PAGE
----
• GOP pitches alternate health plan
     | May 09,2014

    Lawmakers won’t see a plan to finance single-payer health care until 2015. But even as the Legislature tries to speed toward a Saturday adjournment, the issue of health care funding continues to loom large. And some lawmakers are ramping up efforts to create an alternative to single-payer.

    At the beginning of the year, a group of mostly Republican lawmakers went to a legislative analyst and posed a question: Is there a way for Vermont to abandon single-payer but still achieve all the health care benefits that Gov. Peter Shumlin has promised to deliver to residents?

    “Which include universal coverage, access to quality care and cost containment,” said Arlington Rep. Cynthia Browning. “And we wanted to be able to achieve those goals. But we thought it might be possible to make progress without going all the way to public financing.”

    Browning, the lone Democrat in the group, said work with the analyst has yielded an attractive alternative. The plan would, at a broad level, maintain the private insurance market, allow for plans to be sold outside the new online exchange, and increase state subsidies to low- and middle-income Vermonters who otherwise might not be able to afford insurance.

    Browning said the proposal comes with an annual cost of about $30 million.

    “It doesn’t require redoing how insurance is provided or how it’s financed,” Browning said. “It doesn’t require redoing our tax code. It doesn’t require raising $2 billion or even $250 million.”

    House Minority Leader Don Turner said the document should not be viewed as a proposal from the Republican caucus. And he said there’s plenty in the plan that his members might find troublesome, such as the tax on health benefits that would be used to fund the new expenditures. But Turner said that although it’s up to Shumlin to deliver a plan, the GOP is contemplating other approaches to health care reform.

    “We felt that since the Legislature had hired this expert (who) had worked with the state of Vermont in the past, that we would try to work in a bipartisan manner to try to achieve the goals that were laid out in Act 48, understanding that we fully believe that a more robust marketplace is where we want to go,” Turner said.

    Shumlin says he isn’t ready to show Vermonters how he’ll pay for single-payer. But Windham Sen. Peter Galbraith raised some eyebrows a week ago when he told his colleagues not only is the governor’s financing plan nearly complete, but that he’s gotten a look at it.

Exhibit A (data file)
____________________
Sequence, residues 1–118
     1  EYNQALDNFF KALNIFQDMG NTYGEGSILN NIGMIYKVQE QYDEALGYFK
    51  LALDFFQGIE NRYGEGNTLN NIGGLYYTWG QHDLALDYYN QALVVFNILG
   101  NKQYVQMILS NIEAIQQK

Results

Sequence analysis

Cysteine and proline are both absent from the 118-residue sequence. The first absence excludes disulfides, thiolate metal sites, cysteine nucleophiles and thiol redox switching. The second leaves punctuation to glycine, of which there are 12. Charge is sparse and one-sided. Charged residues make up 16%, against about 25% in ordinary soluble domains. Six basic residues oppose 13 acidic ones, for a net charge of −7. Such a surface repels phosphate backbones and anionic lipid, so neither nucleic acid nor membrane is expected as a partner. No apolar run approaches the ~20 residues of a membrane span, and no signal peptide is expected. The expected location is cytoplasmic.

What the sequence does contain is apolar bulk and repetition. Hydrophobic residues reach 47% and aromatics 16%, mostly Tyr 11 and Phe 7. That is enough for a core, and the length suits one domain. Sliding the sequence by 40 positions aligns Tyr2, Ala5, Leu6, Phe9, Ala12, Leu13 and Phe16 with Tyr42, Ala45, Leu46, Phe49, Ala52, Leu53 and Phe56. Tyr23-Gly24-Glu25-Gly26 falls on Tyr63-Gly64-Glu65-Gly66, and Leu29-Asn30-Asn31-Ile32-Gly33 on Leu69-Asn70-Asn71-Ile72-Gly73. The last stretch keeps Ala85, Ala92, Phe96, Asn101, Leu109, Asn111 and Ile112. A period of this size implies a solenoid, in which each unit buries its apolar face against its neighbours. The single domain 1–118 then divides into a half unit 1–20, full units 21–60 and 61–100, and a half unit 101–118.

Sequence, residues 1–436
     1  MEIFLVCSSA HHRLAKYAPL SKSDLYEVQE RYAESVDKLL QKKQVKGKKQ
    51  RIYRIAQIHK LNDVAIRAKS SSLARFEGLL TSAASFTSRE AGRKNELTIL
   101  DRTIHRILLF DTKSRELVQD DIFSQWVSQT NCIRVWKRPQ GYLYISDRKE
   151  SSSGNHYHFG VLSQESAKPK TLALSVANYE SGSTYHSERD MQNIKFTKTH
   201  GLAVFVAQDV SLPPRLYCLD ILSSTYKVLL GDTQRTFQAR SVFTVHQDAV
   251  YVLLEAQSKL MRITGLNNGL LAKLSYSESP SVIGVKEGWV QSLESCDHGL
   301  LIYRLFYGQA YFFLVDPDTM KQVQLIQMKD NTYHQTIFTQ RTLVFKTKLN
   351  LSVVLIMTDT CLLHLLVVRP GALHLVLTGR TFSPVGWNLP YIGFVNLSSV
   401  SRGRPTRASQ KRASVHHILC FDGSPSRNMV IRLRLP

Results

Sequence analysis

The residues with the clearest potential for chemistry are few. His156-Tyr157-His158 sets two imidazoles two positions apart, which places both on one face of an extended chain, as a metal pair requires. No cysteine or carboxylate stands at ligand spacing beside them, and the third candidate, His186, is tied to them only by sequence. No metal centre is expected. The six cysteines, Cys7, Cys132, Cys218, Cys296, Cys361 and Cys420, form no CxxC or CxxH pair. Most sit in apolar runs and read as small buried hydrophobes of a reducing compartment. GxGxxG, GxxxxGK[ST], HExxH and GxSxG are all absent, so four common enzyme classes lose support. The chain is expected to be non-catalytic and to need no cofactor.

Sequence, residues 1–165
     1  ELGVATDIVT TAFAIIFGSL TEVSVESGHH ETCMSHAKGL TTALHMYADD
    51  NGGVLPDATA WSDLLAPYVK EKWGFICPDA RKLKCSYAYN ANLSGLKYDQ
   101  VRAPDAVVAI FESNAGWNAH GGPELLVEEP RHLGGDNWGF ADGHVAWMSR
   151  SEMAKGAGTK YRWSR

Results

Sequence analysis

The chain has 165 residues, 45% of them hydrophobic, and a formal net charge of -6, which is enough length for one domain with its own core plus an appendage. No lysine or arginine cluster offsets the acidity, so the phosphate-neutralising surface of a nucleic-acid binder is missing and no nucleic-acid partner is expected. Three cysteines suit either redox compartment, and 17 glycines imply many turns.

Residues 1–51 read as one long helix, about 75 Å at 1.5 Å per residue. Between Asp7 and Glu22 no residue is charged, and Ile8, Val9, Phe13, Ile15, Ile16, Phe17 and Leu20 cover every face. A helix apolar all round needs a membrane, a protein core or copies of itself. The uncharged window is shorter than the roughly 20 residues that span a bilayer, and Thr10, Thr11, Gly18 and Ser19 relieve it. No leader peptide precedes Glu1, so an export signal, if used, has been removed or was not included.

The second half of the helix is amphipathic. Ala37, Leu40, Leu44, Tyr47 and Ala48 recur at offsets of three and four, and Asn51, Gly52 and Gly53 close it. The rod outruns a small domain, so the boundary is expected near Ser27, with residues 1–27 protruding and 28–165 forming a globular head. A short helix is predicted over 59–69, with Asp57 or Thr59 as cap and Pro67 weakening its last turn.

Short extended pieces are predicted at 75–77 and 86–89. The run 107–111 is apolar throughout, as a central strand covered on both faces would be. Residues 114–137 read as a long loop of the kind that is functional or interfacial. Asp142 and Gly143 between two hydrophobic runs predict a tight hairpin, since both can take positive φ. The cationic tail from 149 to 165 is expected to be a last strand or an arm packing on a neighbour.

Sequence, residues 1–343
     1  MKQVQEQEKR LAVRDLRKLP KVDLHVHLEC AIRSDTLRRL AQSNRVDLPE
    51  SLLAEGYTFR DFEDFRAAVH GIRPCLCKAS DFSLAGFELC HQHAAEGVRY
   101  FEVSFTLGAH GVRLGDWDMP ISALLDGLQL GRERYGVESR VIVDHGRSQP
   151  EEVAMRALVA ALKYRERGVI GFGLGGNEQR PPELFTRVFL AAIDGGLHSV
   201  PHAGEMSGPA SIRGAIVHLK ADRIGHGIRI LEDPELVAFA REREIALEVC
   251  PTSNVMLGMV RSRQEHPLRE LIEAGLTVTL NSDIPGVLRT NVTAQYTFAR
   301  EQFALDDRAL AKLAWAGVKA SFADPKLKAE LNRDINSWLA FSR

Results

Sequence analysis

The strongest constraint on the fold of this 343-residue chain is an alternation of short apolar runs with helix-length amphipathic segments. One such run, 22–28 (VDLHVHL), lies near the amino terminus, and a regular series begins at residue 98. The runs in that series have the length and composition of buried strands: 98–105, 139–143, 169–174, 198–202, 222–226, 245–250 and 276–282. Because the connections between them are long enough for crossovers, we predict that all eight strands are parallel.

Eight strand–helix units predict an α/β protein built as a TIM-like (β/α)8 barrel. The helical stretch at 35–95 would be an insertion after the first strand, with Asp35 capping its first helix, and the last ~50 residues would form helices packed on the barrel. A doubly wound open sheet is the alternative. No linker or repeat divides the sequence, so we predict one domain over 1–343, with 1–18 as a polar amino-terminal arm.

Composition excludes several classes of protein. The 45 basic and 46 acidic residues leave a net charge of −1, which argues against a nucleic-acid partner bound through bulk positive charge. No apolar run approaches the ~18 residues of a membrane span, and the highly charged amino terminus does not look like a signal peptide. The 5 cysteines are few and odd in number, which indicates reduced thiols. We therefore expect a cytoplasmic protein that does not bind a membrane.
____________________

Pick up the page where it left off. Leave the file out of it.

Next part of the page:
“It comes to me from a source that is not in the administration, but I have a great deal of confidence that this does in fact reflect the thinking of those in the administration,” said Galbraith, a Democrat who this year proposed using an 11 percent payroll tax to fund single-payer.

    As was reported first by VTDigger.org, Galbraith said the Shumlin plan would use a combination of a 5 percent payroll tax, a 2 percent tax on fuel gross receipts and a mandatory premium that would be equivalent to a 9 percent income tax on people making $50,000 a year and more, with a maximum cap.

    Administration Secretary Jeb Spaulding wouldn’t comment Wednesday on whether any aspects of Galbraith’s assertions are based in fact. But, he said, he can “state quite certainly that some of the pieces Galbraith says the governor is thinking about, he is not anywhere near thinking about doing those.”

    Browning said her plan doesn’t ensure health insurance as a right of Vermont residency, something Shumlin has insisted is an essential component of any health care reform initiative. But, she said, according to the administration’s own projections, the number of uninsured Vermonters will soon drop below 15,000, largely because of increased Medicaid eligibility as a result of the federal Affordable Care Act. And, she said, it doesn’t make sense to upend a system that works for many Vermonters when policymakers could take a more surgical approach to finding and enrolling the uninsured.

    “To my mind, this is a modest reliable alternative path for health reform that builds upon what we’ve already got and uses what’s already going right,” Browning said.


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